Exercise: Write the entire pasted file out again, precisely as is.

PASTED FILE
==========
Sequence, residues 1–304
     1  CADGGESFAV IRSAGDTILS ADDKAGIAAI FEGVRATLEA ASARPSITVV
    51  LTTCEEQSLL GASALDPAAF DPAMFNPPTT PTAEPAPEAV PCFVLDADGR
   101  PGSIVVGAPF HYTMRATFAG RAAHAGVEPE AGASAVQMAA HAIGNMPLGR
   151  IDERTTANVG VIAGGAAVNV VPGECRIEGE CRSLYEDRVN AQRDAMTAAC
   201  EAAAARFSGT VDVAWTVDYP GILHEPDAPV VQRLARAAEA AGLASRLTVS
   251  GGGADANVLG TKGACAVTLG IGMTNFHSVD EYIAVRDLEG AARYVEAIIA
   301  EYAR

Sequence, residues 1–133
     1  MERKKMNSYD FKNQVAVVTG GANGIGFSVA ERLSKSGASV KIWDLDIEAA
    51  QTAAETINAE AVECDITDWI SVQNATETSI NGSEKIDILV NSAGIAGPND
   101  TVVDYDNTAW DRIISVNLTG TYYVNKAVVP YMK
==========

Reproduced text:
Sequence, residues 1–304
     1  CADGGESFAV IRSAGDTILS ADDKAGIAAI FEGVRATLEA ASARPSITVV
    51  LTTCEEQSLL GASALDPAAF DPAMFNPPTT PTAEPAPEAV PCFVLDADGR
   101  PGSIVVGAPF HYTMRATFAG RAAHAGVEPE AGASAVQMAA HAIGNMPLGR
   151  IDERTTANVG VIAGGAAVNV VPGECRIEGE CRSLYEDRVN AQRDAMTAAC
   201  EAAAARFSGT VDVAWTVDYP GILHEPDAPV VQRLARAAEA AGLASRLTVS
   251  GGGADANVLG TKGACAVTLG IGMTNFHSVD EYIAVRDLEG AARYVEAIIA
   301  EYAR

Sequence, residues 1–133
     1  MERKKMNSYD FKNQVAVVTG GANGIGFSVA ERLSKSGASV KIWDLDIEAA
    51  QTAAETINAE AVECDITDWI SVQNATETSI NGSEKIDILV NSAGIAGPND
   101  TVVDYDNTAW DRIISVNLTG TYYVNKAVVP YMK